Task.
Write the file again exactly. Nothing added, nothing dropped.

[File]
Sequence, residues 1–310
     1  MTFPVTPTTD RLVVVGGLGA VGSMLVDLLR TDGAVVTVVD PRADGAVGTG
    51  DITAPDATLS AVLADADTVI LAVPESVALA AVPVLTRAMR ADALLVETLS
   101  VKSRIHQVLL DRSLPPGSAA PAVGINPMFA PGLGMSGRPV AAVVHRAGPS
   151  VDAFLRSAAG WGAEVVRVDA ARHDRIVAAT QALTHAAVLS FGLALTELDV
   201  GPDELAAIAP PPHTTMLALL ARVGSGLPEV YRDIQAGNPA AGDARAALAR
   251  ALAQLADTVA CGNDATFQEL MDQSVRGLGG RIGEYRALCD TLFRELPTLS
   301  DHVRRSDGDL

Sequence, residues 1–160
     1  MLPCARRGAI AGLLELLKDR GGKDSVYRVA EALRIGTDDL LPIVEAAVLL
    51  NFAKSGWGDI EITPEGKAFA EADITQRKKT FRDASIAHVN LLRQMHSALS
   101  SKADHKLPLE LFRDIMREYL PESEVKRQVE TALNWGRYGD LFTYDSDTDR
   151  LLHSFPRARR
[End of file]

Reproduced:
Sequence, residues 1–310
     1  MTFPVTPTTD RLVVVGGLGA VGSMLVDLLR TDGAVVTVVD PRADGAVGTG
    51  DITAPDATLS AVLADADTVI LAVPESVALA AVPVLTRAMR ADALLVETLS
   101  VKSRIHQVLL DRSLPPGSAA PAVGINPMFA PGLGMSGRPV AAVVHRAGPS
   151  VDAFLRSAAG WGAEVVRVDA ARHDRIVAAT QALTHAAVLS FGLALTELDV
   201  GPDELAAIAP PPHTTMLALL ARVGSGLPEV YRDIQAGNPA AGDARAALAR
   251  ALAQLADTVA CGNDATFQEL MDQSVRGLGG RIGEYRALCD TLFRELPTLS
   301  DHVRRSDGDL

Sequence, residues 1–160
     1  MLPCARRGAI AGLLELLKDR GGKDSVYRVA EALRIGTDDL LPIVEAAVLL
    51  NFAKSGWGDI EITPEGKAFA EADITQRKKT FRDASIAHVN LLRQMHSALS
   101  SKADHKLPLE LFRDIMREYL PESEVKRQVE TALNWGRYGD LFTYDSDTDR
   151  LLHSFPRARR